• Join over 1.2 million students every month
  • Accelerate your learning by 29%
  • Unlimited access from just £6.99 per month

Discuss the techniques which affect the management of tension in ‘The Red Room’ and ‘Farthing House’.

Extracts from this document...


Discuss the techniques which affect the management of tension in 'The Red Room' and 'Farthing House'. The word 'Ghost' can be described as many things; an illusion, a spirit, a sinister supernatural hallucination, a shadow, or even a figment of your imagination. All these words resemble a part of fear. Are there Ghosts? Have you ever seen a Ghost? Your answer to 'Are there Ghosts?' will probably be negative or vague, but a lot of people have had that moment in their life when they are unsure of what they have seen, this very moment can make it hard to answer 'Have you ever seen a Ghost?' A second word which is familiar with the word 'Ghost' is 'Fear', deep down everybody has a fear, which can be all in your imagination, your head may think in a rational mature way but your imagination paints the worst and most ridiculous picture. Perspiration on the forehead, high-speed beating of the heart, shaking hands, and breathlessness are all signs of nervousness, it is about being that frightened that you are unable to open your eyes for fear of what you might see but too frightened to closes your eyes in fear of what your mind is telling you may happen. ...read more.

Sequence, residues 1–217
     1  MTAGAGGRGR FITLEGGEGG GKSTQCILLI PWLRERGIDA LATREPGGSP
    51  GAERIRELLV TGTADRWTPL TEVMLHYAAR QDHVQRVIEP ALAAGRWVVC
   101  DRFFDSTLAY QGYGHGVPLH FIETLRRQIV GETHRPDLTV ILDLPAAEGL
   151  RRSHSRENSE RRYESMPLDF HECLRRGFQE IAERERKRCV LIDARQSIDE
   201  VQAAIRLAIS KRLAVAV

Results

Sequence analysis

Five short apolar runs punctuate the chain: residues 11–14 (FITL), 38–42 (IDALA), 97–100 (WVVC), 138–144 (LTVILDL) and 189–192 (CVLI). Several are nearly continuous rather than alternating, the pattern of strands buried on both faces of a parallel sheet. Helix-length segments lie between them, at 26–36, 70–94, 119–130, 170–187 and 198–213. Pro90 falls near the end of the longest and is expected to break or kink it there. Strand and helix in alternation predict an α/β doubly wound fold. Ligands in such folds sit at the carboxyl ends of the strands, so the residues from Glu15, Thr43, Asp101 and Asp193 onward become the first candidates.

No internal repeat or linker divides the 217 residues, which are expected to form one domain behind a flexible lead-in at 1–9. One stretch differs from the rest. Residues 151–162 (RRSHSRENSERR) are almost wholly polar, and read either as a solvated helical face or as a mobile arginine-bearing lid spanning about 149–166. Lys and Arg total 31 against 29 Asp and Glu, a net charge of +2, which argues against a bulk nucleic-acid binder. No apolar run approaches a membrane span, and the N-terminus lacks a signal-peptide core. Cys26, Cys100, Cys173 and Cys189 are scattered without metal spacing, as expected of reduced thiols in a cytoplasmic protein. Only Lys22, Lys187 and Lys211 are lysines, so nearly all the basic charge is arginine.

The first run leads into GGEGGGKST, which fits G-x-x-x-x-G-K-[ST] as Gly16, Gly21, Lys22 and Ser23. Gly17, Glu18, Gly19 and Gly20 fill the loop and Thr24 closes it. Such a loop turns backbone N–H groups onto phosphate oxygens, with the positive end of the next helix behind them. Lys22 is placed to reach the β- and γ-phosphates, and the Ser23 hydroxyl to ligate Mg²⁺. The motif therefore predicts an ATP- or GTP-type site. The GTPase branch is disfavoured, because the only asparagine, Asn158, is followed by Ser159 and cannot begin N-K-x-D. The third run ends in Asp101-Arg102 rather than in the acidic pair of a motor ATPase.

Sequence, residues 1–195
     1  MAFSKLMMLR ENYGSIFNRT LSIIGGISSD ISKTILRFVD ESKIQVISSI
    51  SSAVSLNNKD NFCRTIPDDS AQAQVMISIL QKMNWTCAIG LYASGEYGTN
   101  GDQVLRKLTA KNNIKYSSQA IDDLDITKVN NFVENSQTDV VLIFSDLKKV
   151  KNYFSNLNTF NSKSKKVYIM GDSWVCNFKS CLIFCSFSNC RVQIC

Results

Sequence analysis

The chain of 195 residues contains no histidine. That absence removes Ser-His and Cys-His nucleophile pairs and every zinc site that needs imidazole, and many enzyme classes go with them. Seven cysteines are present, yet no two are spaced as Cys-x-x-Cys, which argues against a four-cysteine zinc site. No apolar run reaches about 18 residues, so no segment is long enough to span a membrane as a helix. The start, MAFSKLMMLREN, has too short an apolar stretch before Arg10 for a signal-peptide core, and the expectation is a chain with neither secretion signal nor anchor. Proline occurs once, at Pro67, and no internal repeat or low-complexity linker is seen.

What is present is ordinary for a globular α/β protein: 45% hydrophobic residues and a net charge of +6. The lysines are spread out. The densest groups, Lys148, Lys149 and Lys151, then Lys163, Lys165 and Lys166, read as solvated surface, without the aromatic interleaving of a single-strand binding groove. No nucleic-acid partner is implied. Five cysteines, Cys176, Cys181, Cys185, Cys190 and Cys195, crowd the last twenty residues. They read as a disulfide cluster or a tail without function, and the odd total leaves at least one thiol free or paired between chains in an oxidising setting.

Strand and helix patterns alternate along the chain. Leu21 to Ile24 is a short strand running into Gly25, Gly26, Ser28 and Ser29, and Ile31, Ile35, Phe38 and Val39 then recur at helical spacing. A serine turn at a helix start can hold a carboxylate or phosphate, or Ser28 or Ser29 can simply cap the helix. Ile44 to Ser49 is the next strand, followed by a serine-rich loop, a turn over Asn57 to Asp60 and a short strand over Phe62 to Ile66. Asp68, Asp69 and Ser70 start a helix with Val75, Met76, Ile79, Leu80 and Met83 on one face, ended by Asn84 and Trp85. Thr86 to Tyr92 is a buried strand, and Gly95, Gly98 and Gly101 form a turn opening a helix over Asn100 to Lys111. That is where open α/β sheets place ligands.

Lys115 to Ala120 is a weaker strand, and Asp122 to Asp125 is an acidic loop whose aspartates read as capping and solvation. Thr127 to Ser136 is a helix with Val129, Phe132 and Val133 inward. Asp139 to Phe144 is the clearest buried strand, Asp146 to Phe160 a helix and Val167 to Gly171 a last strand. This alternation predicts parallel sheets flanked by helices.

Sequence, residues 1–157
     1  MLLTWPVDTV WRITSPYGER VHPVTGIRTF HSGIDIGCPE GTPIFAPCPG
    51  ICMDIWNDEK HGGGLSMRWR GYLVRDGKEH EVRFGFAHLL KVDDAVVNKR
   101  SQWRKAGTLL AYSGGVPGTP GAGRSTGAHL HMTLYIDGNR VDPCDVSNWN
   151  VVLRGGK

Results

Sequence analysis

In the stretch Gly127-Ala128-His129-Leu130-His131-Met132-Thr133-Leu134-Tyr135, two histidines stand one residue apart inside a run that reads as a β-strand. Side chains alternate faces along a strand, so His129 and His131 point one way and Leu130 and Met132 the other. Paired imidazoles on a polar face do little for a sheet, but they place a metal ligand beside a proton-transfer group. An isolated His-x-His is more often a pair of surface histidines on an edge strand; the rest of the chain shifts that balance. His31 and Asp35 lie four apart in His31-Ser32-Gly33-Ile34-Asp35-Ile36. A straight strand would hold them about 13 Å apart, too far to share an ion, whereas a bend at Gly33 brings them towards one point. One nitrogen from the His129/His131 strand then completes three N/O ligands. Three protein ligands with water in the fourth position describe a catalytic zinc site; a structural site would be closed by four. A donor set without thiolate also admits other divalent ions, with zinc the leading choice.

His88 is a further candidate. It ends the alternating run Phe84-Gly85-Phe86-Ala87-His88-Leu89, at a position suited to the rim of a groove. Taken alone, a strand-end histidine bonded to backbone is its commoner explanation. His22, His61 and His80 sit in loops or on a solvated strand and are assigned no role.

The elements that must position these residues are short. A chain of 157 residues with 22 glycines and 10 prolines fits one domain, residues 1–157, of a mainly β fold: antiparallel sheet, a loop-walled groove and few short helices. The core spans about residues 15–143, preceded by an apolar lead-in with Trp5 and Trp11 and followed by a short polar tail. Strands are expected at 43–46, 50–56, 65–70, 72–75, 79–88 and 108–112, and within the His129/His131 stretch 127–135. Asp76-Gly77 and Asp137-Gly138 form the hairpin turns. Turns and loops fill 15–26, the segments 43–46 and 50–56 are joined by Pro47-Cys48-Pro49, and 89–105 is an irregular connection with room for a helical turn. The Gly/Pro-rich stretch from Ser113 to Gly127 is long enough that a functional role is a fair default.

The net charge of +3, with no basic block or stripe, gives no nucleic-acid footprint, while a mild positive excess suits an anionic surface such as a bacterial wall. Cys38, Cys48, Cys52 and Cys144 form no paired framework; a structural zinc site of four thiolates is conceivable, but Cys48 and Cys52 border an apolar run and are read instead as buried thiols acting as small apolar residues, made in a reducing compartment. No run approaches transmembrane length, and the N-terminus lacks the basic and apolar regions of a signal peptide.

These characters are described as a man having withered arms, a woman with pale, wide eyes and another man who is wrinkled and bent with decaying yellow teeth and inflamed eyes. They all avoid eye-contact and they distance themselves from each other, this build up the pressure as they are so fearful of the room. These Characters are described so deadly that they almost seem like Ghosts. H.G. Wells gets the character to talk to himself when he is in 'The Red Room', this shows how tense and apprehensive the character is in this frightening situation: ' "What's up?" I cried, with a queer high note getting into my voice somehow...My hands trembled so much that twice I missed the rough paper of the matchbox' It also shows how the Characters mind is preparing for the worst, this shows the fear inside which H.G. Wells comments on regularly. Towards the end, H.G. Wells gives a final blow to the story, as the Character has taken so much fright from his own imagination, he runs wild. No longer does he use his brain, he becomes an animal crashing about as he has lost all sense of direction. ...read more.


Wells and how the use of imagination breaks the use of being able to think clearly: 'I could not help wondering whether whoever had occupied Cedar room had died in it, perhaps even in this bed. I was, as you might say, almost expecting to have had bad dreams or see a ghost.' Later on Susan Hill changes the senses, from smells to sounds, this is because it is a night and she can not see much, so she is using her ears to paint the picture rather than her eyes or nose. In both stories everything happens at night, this suggests it could be the use of imagination, as the dark surroundings paints a picture of alarm. They both refer to death, so this is at their back of their mind ready to spring up. 'Farthing House' slowly builds up the tension whereas 'The Red Room' is like a lift slowly climbing up tens of floors then it shoots down the great height. A lot of people may have never seen a Ghost but the feeling is there, the fear and anxiety which brings it along adds to the tension of the moment. After reading this, Farthing house and The Red Room you may now be able to answer the first two questions in this essay. ?? ?? ?? ?? Nichola Hawkins ...read more.

The above preview is unformatted text

This student written piece of work is one of many that can be found in our GCSE H.G. Wells section.